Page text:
Both the live video and the time lapse are shot with a a Canon EOS M6 mirrorless camera. The time lapse is set for 1 second intervals, so it compresses a minute into a second. The nice thing about that camera is that it has a built in intervalometer, so all you have to do is press record and it compiles the shot into an MP4 file for you.

How do your keep your hands warm? Don't your hands start to stiffen at some point?
It wasn't too cold--Just about 36 degrees or so, a little above freezing, and I wasn't out there too long.

A little above freezing? What is your "uniform" for this weather?
I had long underwear, both top and bottom, wool socks, and an insulated canvas vest over my "Department of Art" uniform shirt, plus a knitted hat. I was wishing for my Filson insulated hat with earflaps and a brim. The brim helps when painting contre-jour.

What is more likely to cause gouache to crack, if the underlying layer is too absorbent or if it's less absorbent.. sometimes it feels like a mystery to me. also some colors tend to crack way more than other in the same brand?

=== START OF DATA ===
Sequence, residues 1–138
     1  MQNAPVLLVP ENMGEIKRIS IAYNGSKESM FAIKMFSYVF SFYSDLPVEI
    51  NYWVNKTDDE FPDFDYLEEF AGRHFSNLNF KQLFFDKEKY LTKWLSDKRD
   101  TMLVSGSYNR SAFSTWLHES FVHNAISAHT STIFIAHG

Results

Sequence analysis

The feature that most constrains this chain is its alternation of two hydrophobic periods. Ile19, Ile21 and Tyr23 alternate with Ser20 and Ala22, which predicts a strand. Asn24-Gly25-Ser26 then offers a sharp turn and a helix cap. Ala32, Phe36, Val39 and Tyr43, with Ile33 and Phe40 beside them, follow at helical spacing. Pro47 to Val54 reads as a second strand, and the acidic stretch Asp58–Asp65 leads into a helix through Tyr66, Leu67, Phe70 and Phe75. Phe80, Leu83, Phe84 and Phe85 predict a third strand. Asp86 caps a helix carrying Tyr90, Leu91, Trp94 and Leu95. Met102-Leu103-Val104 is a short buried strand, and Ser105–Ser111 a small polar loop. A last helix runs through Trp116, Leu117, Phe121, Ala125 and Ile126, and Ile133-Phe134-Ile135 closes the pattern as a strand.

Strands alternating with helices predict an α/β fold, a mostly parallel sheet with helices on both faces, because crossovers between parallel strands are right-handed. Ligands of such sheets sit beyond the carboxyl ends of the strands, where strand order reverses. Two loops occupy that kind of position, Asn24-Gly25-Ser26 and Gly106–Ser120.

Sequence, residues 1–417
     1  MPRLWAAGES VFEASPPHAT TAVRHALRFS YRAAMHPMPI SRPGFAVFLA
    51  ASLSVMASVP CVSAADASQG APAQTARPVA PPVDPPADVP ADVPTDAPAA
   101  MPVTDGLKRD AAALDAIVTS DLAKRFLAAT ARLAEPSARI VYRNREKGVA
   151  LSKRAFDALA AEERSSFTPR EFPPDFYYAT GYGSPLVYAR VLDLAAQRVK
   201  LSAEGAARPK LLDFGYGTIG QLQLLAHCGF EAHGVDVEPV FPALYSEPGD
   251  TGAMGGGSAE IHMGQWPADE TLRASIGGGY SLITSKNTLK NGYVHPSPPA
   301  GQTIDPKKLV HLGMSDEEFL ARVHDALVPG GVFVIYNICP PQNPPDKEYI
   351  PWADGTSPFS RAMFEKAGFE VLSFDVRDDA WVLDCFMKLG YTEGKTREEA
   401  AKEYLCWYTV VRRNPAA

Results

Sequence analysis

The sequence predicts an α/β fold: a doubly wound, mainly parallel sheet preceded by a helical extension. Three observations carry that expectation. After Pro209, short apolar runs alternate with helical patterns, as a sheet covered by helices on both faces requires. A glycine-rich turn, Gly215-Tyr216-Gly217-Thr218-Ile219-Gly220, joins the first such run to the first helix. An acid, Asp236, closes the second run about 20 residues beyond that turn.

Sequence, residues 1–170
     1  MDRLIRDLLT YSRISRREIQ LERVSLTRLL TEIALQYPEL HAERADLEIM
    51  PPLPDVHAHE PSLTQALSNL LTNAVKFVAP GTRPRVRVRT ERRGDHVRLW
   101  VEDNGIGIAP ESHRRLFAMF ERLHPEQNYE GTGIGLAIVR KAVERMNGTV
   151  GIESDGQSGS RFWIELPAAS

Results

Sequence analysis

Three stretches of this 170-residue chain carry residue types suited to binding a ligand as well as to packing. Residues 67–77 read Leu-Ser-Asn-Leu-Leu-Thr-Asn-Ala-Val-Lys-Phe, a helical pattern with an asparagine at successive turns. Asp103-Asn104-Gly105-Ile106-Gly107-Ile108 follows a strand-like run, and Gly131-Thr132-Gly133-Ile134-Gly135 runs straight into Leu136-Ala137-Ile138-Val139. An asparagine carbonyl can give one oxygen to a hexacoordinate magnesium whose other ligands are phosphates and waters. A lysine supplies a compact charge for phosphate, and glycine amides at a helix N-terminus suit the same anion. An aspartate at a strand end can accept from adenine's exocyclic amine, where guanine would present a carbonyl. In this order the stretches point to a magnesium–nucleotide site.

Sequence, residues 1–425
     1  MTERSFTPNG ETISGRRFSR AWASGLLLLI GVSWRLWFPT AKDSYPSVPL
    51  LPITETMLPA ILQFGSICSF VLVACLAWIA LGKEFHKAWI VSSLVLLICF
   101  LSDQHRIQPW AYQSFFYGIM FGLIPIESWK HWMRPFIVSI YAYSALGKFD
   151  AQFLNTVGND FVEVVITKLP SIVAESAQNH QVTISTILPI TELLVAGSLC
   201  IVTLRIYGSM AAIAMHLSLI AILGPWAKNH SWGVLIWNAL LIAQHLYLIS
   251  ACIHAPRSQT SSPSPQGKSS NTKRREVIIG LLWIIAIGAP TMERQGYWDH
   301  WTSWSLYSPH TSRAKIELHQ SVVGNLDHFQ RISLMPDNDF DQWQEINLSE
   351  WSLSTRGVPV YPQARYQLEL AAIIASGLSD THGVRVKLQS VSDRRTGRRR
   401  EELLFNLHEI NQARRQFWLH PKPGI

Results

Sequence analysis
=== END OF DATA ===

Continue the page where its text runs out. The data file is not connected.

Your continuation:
I haven't had issues with gouache cracking, but maybe that's because I'm using it relatively thinly.

Yeah, you are right. when thinking about it, it never happens with semitransparent layers, only when working opaque/thick. Problem for me is that when doing concept work it's very hard for me to predict the final shade of a transparent layer. Interesting thing to note, colors that cracked/peeled has always been a transparent or synthetic modern pigment. I never had a problem with cadmium/cobalt/chrome/iron(earth) based pigments. Maybe it has to do with opacifiers?
Yes, it could be the opacifiers, as they tend to be chalky and brittle. Two things might help: 1) Work on a panel or illustration board if you're not already. 2) Also you can strengthen the emulsion (the glue-like material in the paint) by mixing in some gum arabic binder into your mixtures, especially when you're using it thickly. Experiment by making test impastos of different composition and see which one holds up the best.

What kind of sketchbook are you using?
It's a Pentalic watercolor journal. The paper is heavyweight cotton rag, which you can use for drawing, but it also works for watercolor, gouache, acrylic or casein, as long as you don't use them too thickly.

How did you learn landscape painting?
I alternate between studying work of the past and trying out ideas in front of nature. A lot of my methods are unconventional and non-traditional. When I study the art of the past, I'm at least as interested in their thought process and their philosophy as in their practical techniques and materials.